Senior and health care institutions are breaking new ground in Canada when it comes to serving people with dementia.

The nation’s first “dementia village,” a community designed specifically for people with the illness, is set to open in Langley in 2019.

“What makes The Village different from traditional nursing homes … is that residents will be able to shop, have a coffee, walk their dog, get their hair cut and take part in activities such as gardening by themselves,” Elroy Jespersen of Verve Senior Living told the National Post.

Verve, which manages 34 seniors’ homes across Canada, partnered with developer Canbrit to create The Village, a five-acre property that will include six residences with the capacity to house 78 people with dementia.

There will also be a community centre, plenty of room to walk around outdoors, no stairs, the ability to live with one’s pets, and even a barn for farm animals.

“We’ve really designed and tried to build communities where people could be independent and live their own life their way,” said Jespersen.

Meanwhile, Providence Health Care is also working actively to build a dementia village in Vancouver in the next few years.

Jo-Ann Tait, corporate director of seniors care and palliative services, said PHC’s village will offer “multiple levels of care,” with the ability to house 62 people in assisted living, seven in supported housing, and more than 300 in residential care.

“The emergence of multiple dementia village-like residential care homes across Canada is a significant triumph for families and loved ones struggling with this disease,” said Tait.

Both up-and-coming dementia villages are inspired by De Hogeweyk, a pioneer village in the Netherlands that opened in 2009.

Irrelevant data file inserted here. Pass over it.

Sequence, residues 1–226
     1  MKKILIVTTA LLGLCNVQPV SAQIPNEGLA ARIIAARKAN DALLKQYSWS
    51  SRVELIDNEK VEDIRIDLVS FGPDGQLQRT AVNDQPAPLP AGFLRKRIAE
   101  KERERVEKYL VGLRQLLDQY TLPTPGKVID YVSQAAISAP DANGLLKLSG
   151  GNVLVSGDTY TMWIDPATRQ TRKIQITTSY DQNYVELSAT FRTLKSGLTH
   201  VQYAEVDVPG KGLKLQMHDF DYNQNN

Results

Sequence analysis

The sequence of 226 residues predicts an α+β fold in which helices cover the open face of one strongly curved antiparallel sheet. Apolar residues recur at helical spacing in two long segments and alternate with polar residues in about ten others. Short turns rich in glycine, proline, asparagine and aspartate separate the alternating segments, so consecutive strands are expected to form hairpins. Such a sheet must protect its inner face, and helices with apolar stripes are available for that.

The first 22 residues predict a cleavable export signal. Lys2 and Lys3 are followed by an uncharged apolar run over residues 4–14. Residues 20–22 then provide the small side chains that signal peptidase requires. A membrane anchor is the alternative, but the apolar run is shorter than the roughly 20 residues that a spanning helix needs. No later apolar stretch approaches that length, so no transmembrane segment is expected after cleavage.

It provides housing to 152 residents and includes a market, hair salon, theatre, pub, and restaurant. There are 250 staff offering care 24-hours a day, and opportunities for residents to shop for themselves, help with cooking, or cycle around the property.

“In 15 years, the number of Canadians living with dementia is expected to nearly double, making an expansive embrace of the De Hogeweyk model and beyond more crucial than ever,” said Tait.

It is a “tangible way of bringing back optimism into the lives of people impacted by demetia where optimism was once only a distant memory.”

PHC’s future dementia village is set to be publicly funded, while The Village, opening next year, will be privately paid for and cost an estimated $190-245 a day per person.

PHC opened an Adult Day Program at its Youville Residence in Vancouver back in 2017. That program provides community activities – such as social events, outdoor walks, musical events, gardening, and visits from children at the neighbouring Montessori Day Care – six days a week for adults with dementia.

It also partnered with other faith-based institutions to bring Alzheimer's Cafés to the west coast.

This is the third and final article in a series on dementia. See part one to read about another new initiative, the Alzheimer’sCafé. See part two to learn more about
how spiritual care can help those with the illness.